I also saw my face and it made me said and I wanted to cry so I hid in a tree for the day. Ma says I shouldn’t care because no-one sees essept her and she doesn’t fuss but I hate my face. I remember when I got the lump and at first Ma didn’t say anything’ then one day she looked, properly looked, and that’s when she left me and didn’t come back for a week. She never told me why, she jus’ said I’d be the death of her and where were her bloody ciggies.

She never let me do anythin’ after that. She said I was sickly and pale so why was I runnin’ around when I should be preservin’ my energy. I asked her what for but she jus’ ignored me. And now she’s leavin’ me again. It gets so borin’ and tiresome not doing anythin’. I never understood that: not doin’ nothin’ makes me more sleepy and aching than walkin’ around. Ma said I’m jus’ strange and normal kids would love havin’ my life – no school or anythings to do. But I always wonder what it would be like. Each of the bruises on me I can name from what I was dreamin’ of when Ma found me and said I needed punishin’. She said I learn slower than a dog.

Ma raps on the door before she leaves. It sounds like the crack of twigs under foot in the woods and it makes me jump scared.

“You know the rules,”

She whispers through the crack.

Then she leaves.

I scuttle over to the window and watch her shorn head bob out of sight, wild red hair like a forest fire burning up my vision, by the time I can no longer see her; the world is blurred around me. Stuck here, again. Before my birthday. Half of me hopes that she has jus’ gone to get my birthday present, but I know really who she is leavin’ me for. The Lion and The Rabbit – where she says she goes for grown-up times. Why can’t she jus’ take me with her? It’s so borin’ here. I got used to bein’ lonely long ago when I only reached up to my Ma’s knees, but you can never get used to bein’ bored; it’s not possible.

I’m still awake when the sun lifts above the trees. I like to pretend it’s a balloon with an invisible string, and every mornin’ the person holds it up to show me that I have a friend.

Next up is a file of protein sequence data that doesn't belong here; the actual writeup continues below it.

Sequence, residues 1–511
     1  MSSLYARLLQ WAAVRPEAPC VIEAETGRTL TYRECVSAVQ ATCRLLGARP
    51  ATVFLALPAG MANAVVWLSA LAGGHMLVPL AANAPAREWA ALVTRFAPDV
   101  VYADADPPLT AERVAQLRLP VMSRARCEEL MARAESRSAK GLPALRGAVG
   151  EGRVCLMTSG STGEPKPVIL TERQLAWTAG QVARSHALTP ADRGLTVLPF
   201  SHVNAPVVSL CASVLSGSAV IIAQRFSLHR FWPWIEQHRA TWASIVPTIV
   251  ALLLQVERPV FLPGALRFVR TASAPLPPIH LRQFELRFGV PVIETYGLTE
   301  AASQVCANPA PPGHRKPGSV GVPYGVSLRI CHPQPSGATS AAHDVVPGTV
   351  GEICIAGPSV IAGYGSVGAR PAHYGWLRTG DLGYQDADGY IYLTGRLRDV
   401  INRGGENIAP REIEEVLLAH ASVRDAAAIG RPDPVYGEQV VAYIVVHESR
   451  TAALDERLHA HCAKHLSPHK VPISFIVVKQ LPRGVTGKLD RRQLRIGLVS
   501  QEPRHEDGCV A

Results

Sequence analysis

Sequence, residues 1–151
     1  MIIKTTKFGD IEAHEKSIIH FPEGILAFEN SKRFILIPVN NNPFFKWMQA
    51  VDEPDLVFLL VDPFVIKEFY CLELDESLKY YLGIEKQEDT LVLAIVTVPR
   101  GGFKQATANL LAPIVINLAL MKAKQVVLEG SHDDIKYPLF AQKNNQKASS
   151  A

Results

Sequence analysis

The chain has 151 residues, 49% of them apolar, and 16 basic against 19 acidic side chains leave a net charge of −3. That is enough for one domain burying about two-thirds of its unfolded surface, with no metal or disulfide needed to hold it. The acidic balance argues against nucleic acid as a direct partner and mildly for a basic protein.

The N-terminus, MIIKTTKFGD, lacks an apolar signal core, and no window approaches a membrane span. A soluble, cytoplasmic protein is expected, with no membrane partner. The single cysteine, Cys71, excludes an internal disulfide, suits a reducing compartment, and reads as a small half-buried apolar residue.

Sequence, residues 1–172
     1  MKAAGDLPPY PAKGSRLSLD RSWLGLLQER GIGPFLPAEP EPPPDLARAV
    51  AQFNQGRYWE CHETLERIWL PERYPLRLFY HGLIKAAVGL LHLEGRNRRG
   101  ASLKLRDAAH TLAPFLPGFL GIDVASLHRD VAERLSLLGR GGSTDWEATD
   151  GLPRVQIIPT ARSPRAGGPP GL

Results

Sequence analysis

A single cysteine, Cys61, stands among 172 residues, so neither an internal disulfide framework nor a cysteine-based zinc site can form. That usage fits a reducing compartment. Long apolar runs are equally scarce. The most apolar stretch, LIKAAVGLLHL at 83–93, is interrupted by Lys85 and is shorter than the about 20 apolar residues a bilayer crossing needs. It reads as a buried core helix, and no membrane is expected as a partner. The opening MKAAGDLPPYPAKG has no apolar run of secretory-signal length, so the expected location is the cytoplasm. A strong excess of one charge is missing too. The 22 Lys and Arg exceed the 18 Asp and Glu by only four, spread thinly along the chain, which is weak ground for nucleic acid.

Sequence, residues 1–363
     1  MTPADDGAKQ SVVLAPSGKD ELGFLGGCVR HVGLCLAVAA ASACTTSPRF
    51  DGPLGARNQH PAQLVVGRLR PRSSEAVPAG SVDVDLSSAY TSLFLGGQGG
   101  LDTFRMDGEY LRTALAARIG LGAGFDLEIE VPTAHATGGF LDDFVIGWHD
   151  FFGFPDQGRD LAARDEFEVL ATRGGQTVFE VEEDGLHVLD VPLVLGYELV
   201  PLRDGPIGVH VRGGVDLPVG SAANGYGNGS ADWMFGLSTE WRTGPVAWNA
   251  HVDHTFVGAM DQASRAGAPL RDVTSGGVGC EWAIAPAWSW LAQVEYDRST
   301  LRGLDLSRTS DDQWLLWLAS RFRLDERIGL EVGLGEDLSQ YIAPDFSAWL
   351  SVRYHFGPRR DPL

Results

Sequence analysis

The sun, the moon and the stars are really my only friends, I know that now.  Ma’s never left me on my birthday before this.

I eat the dry bread left for me slowly, puttin’ half of it opposite me, so it feels like someone’s still here. Then there’s nothin’ left to do.

Maybe I should try the door.

I tried once before but learnt my lesson – Ma came back and found me out.

I still have the bruise, it never faded. It looks like an old and sick yellow rose bloomin’ on my skin.

The door shudders. I keep pushin’ and pushin’ with all my strength and it shudders a bit more like the weepin’ willow tree opposite my window when the wind is tearin’ through the world. I can feel the chair stuck un’nerneath the handle.

Then the chair scrapes against the floorboards and I nearly fall over on to my face.

I’m out.

It feels strange roamin’ the house without Ma here. Like I’m a thief. I go into Ma’s room first, her clothes are all topsy turvey and on the floor like real carpet. Next I go into the little room with the scrappy sofa Ma arrived with one day. There’s papers everywhere. When I walk past one flutters to the ground like leaves fallin’ from a tree so I pick it up and place it back where it was. Ma will know otherwise. She’ll be able to tell.